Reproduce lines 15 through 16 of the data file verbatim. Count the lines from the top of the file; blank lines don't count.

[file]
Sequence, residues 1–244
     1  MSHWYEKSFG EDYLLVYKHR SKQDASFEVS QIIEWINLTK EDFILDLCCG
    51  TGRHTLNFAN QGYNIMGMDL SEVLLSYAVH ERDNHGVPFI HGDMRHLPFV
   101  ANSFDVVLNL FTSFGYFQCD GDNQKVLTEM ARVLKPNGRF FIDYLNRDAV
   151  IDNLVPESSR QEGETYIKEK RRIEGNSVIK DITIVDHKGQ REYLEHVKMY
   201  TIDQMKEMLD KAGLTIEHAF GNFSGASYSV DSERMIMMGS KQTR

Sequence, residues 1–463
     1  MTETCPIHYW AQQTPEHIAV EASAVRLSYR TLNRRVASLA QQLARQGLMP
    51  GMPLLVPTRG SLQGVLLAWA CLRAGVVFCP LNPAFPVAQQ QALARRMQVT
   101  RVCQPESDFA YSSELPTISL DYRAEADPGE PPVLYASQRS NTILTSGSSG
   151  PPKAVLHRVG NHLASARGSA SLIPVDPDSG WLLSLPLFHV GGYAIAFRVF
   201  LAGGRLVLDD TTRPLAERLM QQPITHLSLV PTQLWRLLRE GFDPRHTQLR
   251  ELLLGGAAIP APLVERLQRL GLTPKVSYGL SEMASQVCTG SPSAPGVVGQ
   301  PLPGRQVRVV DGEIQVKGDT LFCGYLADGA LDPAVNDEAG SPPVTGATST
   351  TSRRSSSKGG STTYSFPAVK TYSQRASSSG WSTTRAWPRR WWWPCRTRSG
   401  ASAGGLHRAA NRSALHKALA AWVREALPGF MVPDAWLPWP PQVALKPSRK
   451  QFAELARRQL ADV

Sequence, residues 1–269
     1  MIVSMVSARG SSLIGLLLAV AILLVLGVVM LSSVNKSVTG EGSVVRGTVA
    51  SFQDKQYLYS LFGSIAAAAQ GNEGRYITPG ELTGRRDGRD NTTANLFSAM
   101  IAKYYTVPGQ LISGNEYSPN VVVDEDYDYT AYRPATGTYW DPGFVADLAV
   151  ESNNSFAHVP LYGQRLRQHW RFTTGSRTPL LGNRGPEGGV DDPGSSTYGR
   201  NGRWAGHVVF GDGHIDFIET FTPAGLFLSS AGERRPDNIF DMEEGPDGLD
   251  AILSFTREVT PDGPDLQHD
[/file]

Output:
   351  TSRRSSSKGG STTYSFPAVK TYSQRASSSG WSTTRAWPRR WWWPCRTRSG
   401  ASAGGLHRAA NRSALHKALA AWVREALPGF MVPDAWLPWP PQVALKPSRK